As a result of the above interventions, the cane price arrears are steadily reducing and presently stand at Rs.15,400 crore. To further liquidation of arrears and increase coverage of the soft loan scheme, the government has decided to extend the date of achieving eligibility under the soft loan scheme from 30.6.2015 to 31.8.2015. Now mills are required to discharge 50 percent of cane dues payable by 31.8.2015 to become eligible for the loan. This will extend benefits to larger number of farmers by enabling more mills to avail the benefits of the scheme. It has also been decided that after clearing cane dues of farmers, subsequent balance, if any, will be credited into the mill accounts. This will benefit about 150 additional sugar mills which had proactively liquidated more than 90 percent of their cane dues payable. This would ensure that mills are incentivized for arranging bridge finances for timely clearance of cane dues to farmers.
Sustained surpluses of production over domestic consumption has created substantial inventories, depressing price sentiments and creating liquidity stress which has resulted in cane dues arrears.
The Central Government has taken several steps to mitigate the situation by infusing liquidity into the sector. The export incentive on raw sugar has been increased from Rs 3200/MT to Rs. 4000/MT. Funds have been allocated to support 14 lac MT (LMT) of raw sugar exports as against 7.5 LMT achieved last year.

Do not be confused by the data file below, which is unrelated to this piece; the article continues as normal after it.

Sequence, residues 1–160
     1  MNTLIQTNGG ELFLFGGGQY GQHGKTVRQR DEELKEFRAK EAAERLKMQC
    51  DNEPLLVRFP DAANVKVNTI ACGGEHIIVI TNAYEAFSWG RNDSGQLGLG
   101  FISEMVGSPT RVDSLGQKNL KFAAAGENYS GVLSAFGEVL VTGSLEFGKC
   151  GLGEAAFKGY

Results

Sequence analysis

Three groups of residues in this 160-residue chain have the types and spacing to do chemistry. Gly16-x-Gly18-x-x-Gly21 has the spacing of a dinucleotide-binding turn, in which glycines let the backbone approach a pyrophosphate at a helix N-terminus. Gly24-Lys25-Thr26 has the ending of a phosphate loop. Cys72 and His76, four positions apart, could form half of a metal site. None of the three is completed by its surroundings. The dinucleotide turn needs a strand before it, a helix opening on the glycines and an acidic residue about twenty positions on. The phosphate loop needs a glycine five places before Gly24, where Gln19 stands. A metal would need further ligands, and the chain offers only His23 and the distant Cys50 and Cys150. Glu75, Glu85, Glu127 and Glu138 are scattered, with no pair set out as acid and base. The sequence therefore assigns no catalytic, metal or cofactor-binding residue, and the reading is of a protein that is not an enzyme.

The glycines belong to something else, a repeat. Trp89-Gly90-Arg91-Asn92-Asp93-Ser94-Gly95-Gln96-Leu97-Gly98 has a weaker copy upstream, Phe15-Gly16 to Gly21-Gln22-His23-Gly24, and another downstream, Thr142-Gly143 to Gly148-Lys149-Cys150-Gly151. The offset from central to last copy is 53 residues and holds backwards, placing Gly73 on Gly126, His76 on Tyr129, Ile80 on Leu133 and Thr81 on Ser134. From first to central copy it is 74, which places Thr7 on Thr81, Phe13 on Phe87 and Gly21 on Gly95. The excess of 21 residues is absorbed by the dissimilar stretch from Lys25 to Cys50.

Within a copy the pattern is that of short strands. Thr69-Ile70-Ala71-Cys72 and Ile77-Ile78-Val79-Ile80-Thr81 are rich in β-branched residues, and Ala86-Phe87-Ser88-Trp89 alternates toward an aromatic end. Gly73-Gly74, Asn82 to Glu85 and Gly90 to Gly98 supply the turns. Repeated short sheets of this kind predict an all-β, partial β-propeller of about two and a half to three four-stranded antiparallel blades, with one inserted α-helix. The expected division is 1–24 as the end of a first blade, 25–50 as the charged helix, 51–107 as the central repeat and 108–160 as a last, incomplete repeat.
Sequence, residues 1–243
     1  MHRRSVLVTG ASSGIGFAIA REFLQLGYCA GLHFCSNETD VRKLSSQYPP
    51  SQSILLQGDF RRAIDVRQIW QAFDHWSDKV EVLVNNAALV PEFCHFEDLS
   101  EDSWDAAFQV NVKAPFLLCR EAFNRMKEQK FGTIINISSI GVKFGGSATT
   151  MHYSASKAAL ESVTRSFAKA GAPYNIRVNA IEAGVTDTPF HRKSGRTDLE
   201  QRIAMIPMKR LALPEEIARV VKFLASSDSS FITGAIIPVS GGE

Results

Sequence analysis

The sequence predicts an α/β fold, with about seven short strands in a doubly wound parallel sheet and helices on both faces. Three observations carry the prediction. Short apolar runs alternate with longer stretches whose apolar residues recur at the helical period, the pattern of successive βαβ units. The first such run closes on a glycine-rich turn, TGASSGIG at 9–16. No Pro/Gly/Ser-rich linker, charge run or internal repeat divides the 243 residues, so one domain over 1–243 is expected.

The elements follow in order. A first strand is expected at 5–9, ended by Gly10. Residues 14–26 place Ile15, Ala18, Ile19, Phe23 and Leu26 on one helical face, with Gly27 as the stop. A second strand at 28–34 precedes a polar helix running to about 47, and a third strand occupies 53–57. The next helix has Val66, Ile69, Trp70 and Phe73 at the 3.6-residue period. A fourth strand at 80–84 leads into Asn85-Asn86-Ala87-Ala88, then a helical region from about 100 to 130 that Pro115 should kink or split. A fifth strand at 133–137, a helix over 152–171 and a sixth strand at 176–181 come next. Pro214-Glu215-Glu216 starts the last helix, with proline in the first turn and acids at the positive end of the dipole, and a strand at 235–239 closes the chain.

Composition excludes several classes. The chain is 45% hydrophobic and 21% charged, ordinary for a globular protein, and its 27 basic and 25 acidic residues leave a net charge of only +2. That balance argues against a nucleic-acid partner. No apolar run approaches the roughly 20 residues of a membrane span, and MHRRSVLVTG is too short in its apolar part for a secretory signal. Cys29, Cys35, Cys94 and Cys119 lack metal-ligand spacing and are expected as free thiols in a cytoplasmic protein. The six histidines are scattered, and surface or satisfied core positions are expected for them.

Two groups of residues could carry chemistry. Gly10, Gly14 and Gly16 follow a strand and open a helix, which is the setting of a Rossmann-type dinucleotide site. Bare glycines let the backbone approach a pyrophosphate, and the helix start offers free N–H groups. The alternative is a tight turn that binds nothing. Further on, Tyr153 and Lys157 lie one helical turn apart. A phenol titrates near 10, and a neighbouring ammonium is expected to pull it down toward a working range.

Remunerative prices for Ethanol supplied for blending has been fixed. Prices have been increased to Rs. 49 per liter, a substantial increase over previous years. As a result, the supplies of ethanol for blending have increased from about 32 crore liters per year to 83 crore liters per annum. Excise duties on ethanol supplied for blending in the next sugar season has been waived, to further incentivize ethanol supplies for the blending program. This would further increase the ex mill price of ethanol and help improve liquidity in the industry facilitating payment of cane price arrears.
The Government had also increased import duty to 40 percent, abolished the Duty Free Import Authorization Scheme, to prevent possible leakages of sugar in the domestic markets. The Government has also reduced the export obligation period from 18 months to 6 months under the Advanced Authorization Scheme. These measures are intended to improve price sentiments.